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DVD Review: Sweeney Todd

Sweeney ToddAs a reviewer, it’s sometimes hard to put your exact feelings into words. Leaving a film, you’re left with certain emotions and feelings.How do you best summarize them to get your point across without retelling the entire movie and at the same time not drift too far into your personal biases. Walking that fine line between summarizing and opining is a delicate balance. Now, imagine having to do that in song. Tim Burton’s latest film, ‘Sweeney Todd: The Demon Barber of Fleet Street’ does just that, effectively conveying story and emotion through music.

Now, obviously, most of the credit for this goes to Steven Sondheim, whose musical Burton’s film is based off of. My only exposure to Sondheim’s classic musical was from watching a videotape of the 1979 stage performance with Angela Lansbury when I was in a seventh grade music class. My memory of it isn’t that great, so how closely Burton’s adaptation resembles it isn’t for me to say. However, as a musical film, ‘Todd’ works. The story follows Benjamin Barker, a husband and father, who is falsely accused of a crime and sent away to prison so the presiding judge can court Barker’s wife and, eventually, his daughter. Barker comes back to London, seeking revenge for his wronging, taking the name Sweeney Todd. Todd opens a barber shop and starts slitting the throats of his customers as his attention broadens from revenging only on Judge Turpin to all of the scourge of London. Todd drops the bodies through a trap door to Mrs. Lovett’s bakery where she cooks the bodies into meat pies and serves them to the Londoners. And all of this narrative unfolds through song.

If ever there was a perfect Tim Burton movie, ‘Sweeney Todd’ is it. Gothic, macabre, bloody and with a twisted sense of romance, the film is a perfect vessel for Burton’s filmmaking sensibilities to shine (Who else would find a murdering spree for a lost love as the epitome of true romance?). As a director, Burton has often been accused of style over substance, letting the story take a back seat to the look of a film. In adapting ‘Todd,’ the story is already established, leaving Burton a firm narrative foundation to place his stylized sensibilities. And it works. Really, really well. The blood flows like wine, even occasionally spraying the camera as Todd moves his blade across the neck of his next victim and yet, as he commits each murderous act, we almost sympathize with the barber. While never truly a hero for his actions, Burton never treats him as a villain, either. Instead, he allows the audience to watch as a man whose sole being revolves around revenge lets his story unfold.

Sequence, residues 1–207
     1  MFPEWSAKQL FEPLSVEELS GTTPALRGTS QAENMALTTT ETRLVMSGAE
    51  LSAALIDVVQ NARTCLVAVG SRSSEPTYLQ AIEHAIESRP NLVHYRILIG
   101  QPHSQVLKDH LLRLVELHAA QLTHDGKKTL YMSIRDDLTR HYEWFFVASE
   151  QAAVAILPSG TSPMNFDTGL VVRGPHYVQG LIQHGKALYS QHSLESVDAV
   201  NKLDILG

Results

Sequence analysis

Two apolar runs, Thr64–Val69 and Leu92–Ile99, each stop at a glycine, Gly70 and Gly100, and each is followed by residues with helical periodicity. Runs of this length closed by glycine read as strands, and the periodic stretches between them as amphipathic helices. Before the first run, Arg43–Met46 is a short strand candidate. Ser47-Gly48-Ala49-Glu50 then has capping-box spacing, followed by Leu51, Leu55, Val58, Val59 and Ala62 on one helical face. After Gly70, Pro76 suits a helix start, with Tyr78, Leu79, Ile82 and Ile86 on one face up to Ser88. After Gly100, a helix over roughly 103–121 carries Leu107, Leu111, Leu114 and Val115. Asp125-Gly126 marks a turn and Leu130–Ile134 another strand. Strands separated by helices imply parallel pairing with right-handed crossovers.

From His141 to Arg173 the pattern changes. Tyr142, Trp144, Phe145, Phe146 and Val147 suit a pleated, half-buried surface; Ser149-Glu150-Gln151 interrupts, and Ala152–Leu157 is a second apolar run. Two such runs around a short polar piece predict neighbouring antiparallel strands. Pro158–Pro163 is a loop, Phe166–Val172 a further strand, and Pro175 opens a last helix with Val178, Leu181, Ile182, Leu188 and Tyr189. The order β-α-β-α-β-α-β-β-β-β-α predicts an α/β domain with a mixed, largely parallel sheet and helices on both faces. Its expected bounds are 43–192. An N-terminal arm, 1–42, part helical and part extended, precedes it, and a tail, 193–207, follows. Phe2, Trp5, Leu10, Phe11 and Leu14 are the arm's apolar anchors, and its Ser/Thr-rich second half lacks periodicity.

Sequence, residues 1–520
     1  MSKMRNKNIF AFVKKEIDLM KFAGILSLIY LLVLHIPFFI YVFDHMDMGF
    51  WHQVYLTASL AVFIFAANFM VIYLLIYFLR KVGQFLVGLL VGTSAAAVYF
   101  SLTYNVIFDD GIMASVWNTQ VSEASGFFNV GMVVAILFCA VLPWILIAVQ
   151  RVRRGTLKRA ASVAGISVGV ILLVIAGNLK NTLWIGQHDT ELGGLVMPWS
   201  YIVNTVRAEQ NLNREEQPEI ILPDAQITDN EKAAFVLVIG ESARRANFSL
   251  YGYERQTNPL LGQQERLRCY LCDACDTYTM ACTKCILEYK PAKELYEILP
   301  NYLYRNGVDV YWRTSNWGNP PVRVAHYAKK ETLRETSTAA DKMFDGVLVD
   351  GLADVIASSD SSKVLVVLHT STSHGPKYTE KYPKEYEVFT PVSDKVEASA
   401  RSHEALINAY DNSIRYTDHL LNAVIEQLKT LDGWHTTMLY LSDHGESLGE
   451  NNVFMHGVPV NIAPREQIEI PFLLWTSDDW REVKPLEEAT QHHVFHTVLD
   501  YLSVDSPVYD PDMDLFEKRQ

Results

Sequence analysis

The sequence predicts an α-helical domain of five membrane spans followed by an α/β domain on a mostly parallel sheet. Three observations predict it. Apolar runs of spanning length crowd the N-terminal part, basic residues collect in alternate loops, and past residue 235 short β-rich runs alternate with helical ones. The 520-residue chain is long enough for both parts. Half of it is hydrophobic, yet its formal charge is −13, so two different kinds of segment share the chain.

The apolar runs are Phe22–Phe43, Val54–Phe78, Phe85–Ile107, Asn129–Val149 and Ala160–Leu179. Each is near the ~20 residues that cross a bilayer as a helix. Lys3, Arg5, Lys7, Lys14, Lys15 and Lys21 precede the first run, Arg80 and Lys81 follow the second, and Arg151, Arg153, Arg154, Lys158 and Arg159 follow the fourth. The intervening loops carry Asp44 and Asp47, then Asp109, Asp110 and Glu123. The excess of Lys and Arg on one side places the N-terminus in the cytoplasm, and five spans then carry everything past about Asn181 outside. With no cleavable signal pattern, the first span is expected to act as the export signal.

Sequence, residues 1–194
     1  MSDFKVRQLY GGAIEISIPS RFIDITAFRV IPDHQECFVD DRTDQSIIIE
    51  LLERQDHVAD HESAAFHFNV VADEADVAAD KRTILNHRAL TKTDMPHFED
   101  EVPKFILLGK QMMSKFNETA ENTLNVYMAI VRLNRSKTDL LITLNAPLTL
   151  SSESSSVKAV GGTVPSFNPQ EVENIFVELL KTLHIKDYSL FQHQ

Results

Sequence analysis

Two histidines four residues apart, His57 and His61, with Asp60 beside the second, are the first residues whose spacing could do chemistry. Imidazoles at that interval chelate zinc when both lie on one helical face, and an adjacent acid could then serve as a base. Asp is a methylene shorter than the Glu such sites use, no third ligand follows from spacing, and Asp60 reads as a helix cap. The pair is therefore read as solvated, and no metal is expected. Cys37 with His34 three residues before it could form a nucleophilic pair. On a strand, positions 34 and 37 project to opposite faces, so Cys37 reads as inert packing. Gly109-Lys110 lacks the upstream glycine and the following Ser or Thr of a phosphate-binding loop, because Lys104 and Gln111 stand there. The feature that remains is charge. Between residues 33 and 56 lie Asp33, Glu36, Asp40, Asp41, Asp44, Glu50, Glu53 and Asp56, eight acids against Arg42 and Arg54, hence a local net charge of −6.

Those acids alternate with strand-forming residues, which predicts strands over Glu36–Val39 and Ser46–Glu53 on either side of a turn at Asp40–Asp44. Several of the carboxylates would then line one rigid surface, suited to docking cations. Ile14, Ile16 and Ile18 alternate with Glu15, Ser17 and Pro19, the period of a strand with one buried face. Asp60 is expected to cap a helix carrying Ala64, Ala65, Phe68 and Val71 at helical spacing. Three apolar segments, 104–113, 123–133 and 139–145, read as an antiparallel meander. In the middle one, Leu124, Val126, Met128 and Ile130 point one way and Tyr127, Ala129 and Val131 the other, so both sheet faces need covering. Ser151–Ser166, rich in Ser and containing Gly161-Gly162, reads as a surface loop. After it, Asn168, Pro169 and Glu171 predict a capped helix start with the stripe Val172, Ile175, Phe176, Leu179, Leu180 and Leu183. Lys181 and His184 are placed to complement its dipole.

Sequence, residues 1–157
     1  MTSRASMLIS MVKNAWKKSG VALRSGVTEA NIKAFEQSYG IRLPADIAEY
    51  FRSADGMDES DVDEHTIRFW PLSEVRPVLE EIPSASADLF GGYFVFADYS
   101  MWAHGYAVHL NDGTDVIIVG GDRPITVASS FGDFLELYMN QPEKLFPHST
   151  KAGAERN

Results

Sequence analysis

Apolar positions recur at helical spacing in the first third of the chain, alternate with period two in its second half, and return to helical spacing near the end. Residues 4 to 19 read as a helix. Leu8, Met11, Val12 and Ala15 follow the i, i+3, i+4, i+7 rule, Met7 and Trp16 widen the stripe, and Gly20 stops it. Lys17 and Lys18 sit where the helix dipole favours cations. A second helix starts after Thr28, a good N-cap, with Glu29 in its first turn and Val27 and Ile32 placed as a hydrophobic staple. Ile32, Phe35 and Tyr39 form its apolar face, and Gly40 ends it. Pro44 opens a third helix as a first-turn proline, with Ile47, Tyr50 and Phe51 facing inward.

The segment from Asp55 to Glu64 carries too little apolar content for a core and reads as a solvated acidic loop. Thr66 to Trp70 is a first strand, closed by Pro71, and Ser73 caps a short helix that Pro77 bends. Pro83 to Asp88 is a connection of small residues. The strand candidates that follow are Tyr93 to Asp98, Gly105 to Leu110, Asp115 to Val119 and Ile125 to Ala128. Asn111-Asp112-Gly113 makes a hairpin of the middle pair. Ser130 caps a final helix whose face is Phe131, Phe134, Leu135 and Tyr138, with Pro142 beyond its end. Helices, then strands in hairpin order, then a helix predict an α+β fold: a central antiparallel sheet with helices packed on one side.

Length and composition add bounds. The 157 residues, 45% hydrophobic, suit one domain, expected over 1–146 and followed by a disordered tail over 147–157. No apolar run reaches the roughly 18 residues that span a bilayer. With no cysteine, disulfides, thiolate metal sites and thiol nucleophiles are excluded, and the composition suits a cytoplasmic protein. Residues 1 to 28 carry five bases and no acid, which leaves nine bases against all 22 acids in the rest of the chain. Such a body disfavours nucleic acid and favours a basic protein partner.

And watching him is amazing. His sixth collaboration with director Tim Burton, Johnny Depp embodies the character of Sweeney Todd in such a way that it’s almost impossible to see anyone being able to take on that role so effectively. Depp inhabits the role so well that you easily lose yourself into the film. Depp’s performance, along with the rest of the excellent cast, makes the narration’s flow from spoken word to song an easy transition. Indeed, the cast sings. Where it would have been easy to dub a voice for the musical numbers for each character, Burton made the wise decision to hire actors who could provide a vocal performance that, while may not be suited for a theater stage, effectively evoke the pains and emotions of each character. Helena Bohnam Carter as Mrs. Lovett is an almost obvious choice for the role as she herself seems to come straight from the 1800s, however, her turn as the character brings a depth to the story that elevates Todd’s revenge and almost makes it seem more tragic as she offers him a chance to move on and he can’t see it. The weakest vocal performance comes from Alan Rickman as Judge Turpin, and yet he is easily forgiven as his overall performance is stunning. And, come on, he’s Alan Rickman!

‘Sweeney Todd: The Demon Barber of Fleet Street’ is easily the best musical I’ve seen in a long while. In fact, it has changed my perspective on the genre as a whole and is one of, if not the, best Burton film. Burton has struck a balance between the story and his clear passion for designing the look and the audience gets to reap the reward of that effort with an overall amazing picture. If this were the last movie Burton ever made, ‘Sweeney Todd’ would be the perfect swan song.


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